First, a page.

Conservative former minister Robert Halfon and Mel Stride, Tory chairman of the Treasury Committee, both indicated support for a windfall tax, with the former labelling oil company bosses “the new oligarchs”.

Chancellor Rishi Sunak


AFP via Getty Images)

Mr Halfon told MPs: “The oil bosses are earning multimillion-pound salaries and getting multimillion-pound bonuses, they are in essence in my view the new oligarchs and I would urge him to consider both a windfall tax on the oil companies, which we can then use to cut taxes for the lower paid or cut energy bills, and also introduce a pump watch monitor to make sure that there is fair competition, that consumers get a fair deal at the pumps.”

Mr Stride added: “We have heard of the windfall tax in great detail today. I would support that.”

He added: “I do think the arguments that he (Mr Miliband) has put forward are generally sensible, and I’m very pleased in turn that the Chancellor has indicated that the door is at least partially open, albeit caveated on the investment performance of the companies concerned.”

Meanwhile, Labour MP Paul Blomfield said some people in his constituency have attempted suicide in response to the rising cost of living, and a Conservative MP said the Government should “urgently” review Universal Credit rates.

The MP for Sheffield Central said: “I spent yesterday morning at a crisis meeting in a part of my constituency where incomes are lowest. And we were looking at the way in which (the) cost-of-living crisis we’re facing was impacting on people.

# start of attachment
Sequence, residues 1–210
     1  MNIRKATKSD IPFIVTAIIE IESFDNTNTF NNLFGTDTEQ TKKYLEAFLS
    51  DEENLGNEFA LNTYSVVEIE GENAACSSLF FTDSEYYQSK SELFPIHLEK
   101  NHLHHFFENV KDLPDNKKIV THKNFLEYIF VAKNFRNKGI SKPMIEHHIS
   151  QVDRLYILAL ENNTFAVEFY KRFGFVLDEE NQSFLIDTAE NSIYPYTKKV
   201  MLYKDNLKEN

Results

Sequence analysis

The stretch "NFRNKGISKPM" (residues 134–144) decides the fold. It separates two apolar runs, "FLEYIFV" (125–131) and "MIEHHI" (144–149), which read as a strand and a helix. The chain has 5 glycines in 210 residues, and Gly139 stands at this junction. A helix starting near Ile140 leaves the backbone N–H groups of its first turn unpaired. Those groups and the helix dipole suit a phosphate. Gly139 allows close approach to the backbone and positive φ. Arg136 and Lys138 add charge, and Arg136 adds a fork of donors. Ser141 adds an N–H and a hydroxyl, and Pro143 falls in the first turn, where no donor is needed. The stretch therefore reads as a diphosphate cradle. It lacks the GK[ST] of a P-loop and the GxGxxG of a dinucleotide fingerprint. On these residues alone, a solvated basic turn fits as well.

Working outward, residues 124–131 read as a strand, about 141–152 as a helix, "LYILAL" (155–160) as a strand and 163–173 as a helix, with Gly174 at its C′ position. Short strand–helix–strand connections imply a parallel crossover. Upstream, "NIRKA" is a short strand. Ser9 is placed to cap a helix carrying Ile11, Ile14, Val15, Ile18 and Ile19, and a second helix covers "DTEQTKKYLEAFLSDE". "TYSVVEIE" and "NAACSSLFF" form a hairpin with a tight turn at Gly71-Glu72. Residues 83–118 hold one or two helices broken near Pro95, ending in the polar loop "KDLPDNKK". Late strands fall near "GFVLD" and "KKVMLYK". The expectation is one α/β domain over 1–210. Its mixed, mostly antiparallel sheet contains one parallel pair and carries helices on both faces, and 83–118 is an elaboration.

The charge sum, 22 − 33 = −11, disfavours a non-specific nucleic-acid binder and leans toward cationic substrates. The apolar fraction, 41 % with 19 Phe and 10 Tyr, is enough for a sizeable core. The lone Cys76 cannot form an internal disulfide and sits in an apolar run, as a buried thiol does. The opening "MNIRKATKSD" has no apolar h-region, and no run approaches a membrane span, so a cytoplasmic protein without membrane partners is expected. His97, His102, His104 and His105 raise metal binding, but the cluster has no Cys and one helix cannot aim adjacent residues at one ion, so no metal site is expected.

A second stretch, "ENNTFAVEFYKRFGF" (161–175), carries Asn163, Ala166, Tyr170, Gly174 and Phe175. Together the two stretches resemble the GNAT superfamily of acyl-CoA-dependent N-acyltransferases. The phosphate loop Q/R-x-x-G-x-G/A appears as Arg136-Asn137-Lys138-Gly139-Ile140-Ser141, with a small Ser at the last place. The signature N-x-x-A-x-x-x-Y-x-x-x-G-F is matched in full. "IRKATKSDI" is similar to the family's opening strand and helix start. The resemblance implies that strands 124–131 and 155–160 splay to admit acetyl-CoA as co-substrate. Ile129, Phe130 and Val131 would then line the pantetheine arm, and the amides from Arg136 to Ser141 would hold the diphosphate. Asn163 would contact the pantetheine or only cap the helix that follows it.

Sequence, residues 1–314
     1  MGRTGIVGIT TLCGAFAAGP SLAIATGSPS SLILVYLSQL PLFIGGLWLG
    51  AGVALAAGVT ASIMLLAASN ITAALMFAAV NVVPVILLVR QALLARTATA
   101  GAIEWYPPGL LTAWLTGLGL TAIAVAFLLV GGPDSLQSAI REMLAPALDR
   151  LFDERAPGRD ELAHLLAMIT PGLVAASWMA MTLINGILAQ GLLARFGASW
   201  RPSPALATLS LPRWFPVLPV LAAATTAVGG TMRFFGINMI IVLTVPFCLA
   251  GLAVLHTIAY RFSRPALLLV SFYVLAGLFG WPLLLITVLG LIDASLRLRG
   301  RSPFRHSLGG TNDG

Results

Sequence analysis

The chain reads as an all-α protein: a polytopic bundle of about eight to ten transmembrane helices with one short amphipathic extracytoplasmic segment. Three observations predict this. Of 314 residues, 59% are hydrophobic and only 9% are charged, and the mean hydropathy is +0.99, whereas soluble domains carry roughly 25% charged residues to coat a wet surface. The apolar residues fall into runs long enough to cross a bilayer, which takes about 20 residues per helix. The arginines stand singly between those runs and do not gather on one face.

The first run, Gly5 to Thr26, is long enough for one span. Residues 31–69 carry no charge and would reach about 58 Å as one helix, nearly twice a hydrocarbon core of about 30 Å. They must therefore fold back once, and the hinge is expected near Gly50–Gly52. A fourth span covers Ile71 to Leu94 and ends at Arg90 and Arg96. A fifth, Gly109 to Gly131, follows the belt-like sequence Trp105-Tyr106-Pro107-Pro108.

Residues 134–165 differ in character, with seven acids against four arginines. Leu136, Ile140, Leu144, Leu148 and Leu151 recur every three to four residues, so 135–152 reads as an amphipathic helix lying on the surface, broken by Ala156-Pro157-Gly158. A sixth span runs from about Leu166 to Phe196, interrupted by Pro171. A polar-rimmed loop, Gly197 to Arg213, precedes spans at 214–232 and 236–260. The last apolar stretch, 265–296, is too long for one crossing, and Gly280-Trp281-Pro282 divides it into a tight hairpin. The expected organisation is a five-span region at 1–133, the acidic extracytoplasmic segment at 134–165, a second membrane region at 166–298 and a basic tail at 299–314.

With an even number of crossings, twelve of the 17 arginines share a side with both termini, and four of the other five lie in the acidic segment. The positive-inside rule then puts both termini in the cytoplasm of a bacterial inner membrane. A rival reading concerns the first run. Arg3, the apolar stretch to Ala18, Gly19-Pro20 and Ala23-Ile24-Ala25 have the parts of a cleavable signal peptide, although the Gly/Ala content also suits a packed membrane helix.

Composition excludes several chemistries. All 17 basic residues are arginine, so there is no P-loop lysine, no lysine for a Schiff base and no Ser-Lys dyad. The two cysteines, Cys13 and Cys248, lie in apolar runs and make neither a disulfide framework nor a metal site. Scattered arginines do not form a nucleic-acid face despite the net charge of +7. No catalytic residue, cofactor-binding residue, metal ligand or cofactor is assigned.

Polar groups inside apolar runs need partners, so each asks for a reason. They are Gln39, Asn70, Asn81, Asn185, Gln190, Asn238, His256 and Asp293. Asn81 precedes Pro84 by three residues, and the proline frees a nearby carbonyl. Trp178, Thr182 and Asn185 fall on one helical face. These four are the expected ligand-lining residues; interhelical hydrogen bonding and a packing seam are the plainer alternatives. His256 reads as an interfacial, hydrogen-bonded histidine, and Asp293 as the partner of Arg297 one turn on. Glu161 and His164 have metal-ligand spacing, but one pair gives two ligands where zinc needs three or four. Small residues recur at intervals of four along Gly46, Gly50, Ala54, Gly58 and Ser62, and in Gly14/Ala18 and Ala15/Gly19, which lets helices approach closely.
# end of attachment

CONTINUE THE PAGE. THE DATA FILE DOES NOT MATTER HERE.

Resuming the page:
“It was a meeting involving the voluntary sector, energy advisers, food banks, debt advisers, schools, housing providers, local councillors and more.

“And we talked about the very real struggle that people are facing to feed families and pay bills. The impact it was having on mental health. The people who had previously just been managing, but couldn’t see the way in which that was going to continue.

“We talked about suicide attempts as a consequence and which… they’d been faced (with) in the constituency. We talked about the exploitation of people’s hardship by loan sharks as a re-emerging problem.”

Later in the debate Conservative MP Miriam Cates said she would back a benefits increase, adding: “The heartbreaking stories we’ve heard in today’s debate, for example those shared by the member for Sheffield Central, do show that we do need to do more.

“And I particularly think that we should urgently review Universal Credit rates.”

And Conservative MP Laura Trott told the Commons Labour was “absolutely right” to say big firms such as BP and Shell could absorb a windfall tax, but added: The problem will be much more with the smaller players, the discouragement to competition that this might result in. And I strongly believe that the best way we can drive down prices in this market is by encouraging competition.”

Read More

Read More


Leave a Reply

This website uses cookies. By continuing to use this site, you accept our use of cookies.